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  1. Radiographing Prison Inmates and Forensic Radiology 7 18 2012

  2. Radiographing Prison Inmates Base on article by Linda Rarey, MA, CNMT, R.T. (R)(N) Radiology Technology magazine May/June 2011

  3. US has highest incarnation rate in world (2008) • 754 inmates per 100,000 US residents • Or approximately 2.2 million total • (includes Federal, State, City, & County) • Thousands will be brought to medical facilities to be treated for diseases and injuries

  4. Prison vs. Jail • One year or less generally stay in City or County: jail • (may have own basic medical units) • Longer sentences go to state or federal: prison • (may have huge medical facilities available)

  5. Prisoners have many medical issues • Hepatitis B &C • AIDS and HIV • Tuberculosis • Dementia (2X rate regular population- may eventually require 24 hr care) • Substance abuse • Medication/pharmacy needs • Skin problems- lice, scabies • Cirrhosis • Women must receive mammograms after age 40

  6. “Maximum Security Nursing Home” • Most prisoners considered to have health of someone 10 yrs older than non-incarcerated person due life style and poor previous health care • Inmates over 50 are considered “older” • By 2025 estimated over half of prison population will be over 55 yrs old

  7. Conditions warranting transfer to outside hospital facility • Cardiac arrhythmia or suspected heart attack • Severe hypertension or shock • Respiratory conditions requiring blood gas monitoring (severe asthma or need intubation • 2-3 epileptic seizures per day • Closed head injuries with loss of consciousness, nausea or vomiting • Acute mental status change • Suspected TB • Drug overdose

  8. Federal and State can have huge medical facilities • May have hospital wards with several beds up to full ward equal to a secondary hospital • Some institutions have mobile unit come to parking lot • Usually no ultrasound, MRI,PET (positive emission tomography) or CT • Majority of injuries are sports or work related So you may get them at your hospital or clinic!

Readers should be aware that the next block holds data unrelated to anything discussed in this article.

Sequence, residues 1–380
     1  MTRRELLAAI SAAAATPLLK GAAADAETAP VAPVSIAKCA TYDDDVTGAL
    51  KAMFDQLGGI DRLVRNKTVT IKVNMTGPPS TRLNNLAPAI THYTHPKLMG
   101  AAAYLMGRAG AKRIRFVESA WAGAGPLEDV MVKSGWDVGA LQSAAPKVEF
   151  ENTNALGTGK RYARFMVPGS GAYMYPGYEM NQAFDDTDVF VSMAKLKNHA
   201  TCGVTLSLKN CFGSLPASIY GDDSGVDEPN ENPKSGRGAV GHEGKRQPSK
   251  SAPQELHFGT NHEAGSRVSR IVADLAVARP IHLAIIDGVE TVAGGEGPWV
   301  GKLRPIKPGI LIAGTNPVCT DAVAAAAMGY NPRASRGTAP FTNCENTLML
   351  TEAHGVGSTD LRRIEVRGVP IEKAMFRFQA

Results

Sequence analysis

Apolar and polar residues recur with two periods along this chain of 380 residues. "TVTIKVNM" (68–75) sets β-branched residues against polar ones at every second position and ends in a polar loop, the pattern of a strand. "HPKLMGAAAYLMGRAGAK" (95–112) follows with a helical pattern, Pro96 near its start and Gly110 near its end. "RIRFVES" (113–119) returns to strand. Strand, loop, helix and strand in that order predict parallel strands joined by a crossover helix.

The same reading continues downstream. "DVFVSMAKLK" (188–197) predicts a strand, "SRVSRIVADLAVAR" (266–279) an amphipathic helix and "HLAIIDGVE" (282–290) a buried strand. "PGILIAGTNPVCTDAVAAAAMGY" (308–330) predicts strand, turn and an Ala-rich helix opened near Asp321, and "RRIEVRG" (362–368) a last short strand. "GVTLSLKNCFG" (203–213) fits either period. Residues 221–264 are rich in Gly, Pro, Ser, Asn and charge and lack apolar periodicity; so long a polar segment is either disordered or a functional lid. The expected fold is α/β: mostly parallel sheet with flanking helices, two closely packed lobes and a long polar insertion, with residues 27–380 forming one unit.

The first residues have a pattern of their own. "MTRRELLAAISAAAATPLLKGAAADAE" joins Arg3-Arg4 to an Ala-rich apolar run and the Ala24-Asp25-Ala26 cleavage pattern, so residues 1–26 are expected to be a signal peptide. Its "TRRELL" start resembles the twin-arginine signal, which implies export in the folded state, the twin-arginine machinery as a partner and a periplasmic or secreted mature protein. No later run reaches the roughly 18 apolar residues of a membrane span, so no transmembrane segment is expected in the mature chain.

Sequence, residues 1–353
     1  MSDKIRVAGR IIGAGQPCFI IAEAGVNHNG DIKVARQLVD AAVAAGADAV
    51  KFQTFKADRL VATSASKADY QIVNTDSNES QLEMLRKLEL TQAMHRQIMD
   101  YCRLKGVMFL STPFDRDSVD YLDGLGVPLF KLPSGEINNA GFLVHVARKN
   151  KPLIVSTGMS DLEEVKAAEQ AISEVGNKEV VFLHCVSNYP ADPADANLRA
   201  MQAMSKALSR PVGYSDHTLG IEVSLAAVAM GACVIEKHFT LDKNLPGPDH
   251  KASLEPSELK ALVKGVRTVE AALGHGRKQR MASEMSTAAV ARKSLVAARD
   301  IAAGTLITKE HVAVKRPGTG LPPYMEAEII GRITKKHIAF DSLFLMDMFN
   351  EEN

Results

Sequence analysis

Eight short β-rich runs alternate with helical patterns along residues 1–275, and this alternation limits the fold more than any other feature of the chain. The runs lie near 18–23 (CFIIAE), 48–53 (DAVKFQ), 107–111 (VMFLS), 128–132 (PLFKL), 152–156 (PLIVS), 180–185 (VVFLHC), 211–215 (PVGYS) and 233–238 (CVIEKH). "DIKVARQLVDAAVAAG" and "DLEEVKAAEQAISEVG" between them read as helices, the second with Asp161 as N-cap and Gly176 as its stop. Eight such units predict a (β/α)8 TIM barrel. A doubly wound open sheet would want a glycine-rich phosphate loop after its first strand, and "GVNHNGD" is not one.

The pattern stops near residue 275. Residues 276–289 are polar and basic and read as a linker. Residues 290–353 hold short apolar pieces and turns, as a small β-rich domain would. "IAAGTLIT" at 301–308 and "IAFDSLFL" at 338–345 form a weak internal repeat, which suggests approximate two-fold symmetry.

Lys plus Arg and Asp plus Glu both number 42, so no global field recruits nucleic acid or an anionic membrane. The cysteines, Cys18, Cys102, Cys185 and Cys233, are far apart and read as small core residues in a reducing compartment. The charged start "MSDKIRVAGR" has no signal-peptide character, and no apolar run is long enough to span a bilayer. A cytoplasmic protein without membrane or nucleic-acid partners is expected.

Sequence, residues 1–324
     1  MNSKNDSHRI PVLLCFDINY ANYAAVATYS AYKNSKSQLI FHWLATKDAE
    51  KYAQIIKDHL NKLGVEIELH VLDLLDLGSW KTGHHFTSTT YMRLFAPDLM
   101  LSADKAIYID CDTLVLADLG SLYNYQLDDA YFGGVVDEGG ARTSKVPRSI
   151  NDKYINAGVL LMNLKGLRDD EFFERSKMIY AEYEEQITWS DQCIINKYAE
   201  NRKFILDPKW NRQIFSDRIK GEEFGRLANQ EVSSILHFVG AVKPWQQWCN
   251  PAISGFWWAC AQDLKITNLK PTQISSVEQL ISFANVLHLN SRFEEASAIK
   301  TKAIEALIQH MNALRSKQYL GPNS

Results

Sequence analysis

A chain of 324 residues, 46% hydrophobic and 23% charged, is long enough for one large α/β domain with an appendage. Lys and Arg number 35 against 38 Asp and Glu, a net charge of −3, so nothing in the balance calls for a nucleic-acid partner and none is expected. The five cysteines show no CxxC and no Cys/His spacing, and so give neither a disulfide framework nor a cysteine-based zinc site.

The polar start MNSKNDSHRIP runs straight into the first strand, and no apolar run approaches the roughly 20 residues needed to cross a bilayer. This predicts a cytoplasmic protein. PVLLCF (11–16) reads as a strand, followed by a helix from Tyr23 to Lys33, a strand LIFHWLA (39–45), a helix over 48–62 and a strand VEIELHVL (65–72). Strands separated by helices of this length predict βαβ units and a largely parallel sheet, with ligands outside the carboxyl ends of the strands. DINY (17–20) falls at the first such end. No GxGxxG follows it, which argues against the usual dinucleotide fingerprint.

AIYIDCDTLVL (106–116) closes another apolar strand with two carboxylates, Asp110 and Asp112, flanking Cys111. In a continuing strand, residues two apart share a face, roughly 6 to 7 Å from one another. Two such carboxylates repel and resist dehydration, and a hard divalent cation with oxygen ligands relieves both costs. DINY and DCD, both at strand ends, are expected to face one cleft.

9. Transportation of Correctional Pt.s

  10. Transporting Inmate • Extensive logistical planning to get pt to hospital • Correctional environment well controlled, have cameras aimed at all areas • Once the prisoner is outside the correctional institution, all bets are off • Vulnerable to possible escape attempt or gang attack to free member • Prisoner comes in handcuffed, possibly shackled • May be several armed guards, usually from sheriff’s dept.

  11. Ethics • Prisoners should be treated with same kindness, compassion and professionalism as any other pt. • Provide sound and visual privacy when possible • However, safety of yourself and others must be considered! • All inmates should be considered to be potentially violent

  12. Safety considerations • Introduce yourself with title only, not your name • Remove or cover name tag • Turn film badge backwards • Remove any personal effects in area that might help inmate find way to contact you

  13. Safety tips cont’d • Remove sharp objects or anything that could be used as a weapon • Remove any drugs from room! • Do not give pt newspaper, access to restroom or visitors • Do not ride in same elevator as correctional pt • Do not discuss time, date or location of next medical business with prisoner

  14. Correctional Pt’s Attitude • May be scared and confused in strange environment • May have mental disturbances such as paranoia • May be going through drug withdrawal • May not be good at following directions • May not like being told what to do! • May have poor impulse control • May become belligerent and uncooperative May think you look pretty cute!

  15. Finding out what prisoner is in for… • Don’t do it! • It may compromise your ability to treat pt without bias • Guards, guns and handcuffs tell you all you need to know!

  16. Engage in friendly conversation • If you have a death wish! • Most inmates will be friendly and are grateful for a little adventure –some aren’t! • Avoid having personal conversations with inmate or with others within earshot of inmate • (You don’t want to inadvertently reveal personal information about yourself, family or co-workers) • Do not share e-mail or phone # • Prisoner may try to gain your sympathy and manipulate you to help him/her out in some way • Do not distract correctional officer with idle conversation • Some released inmates commit crimes to return for continued health care!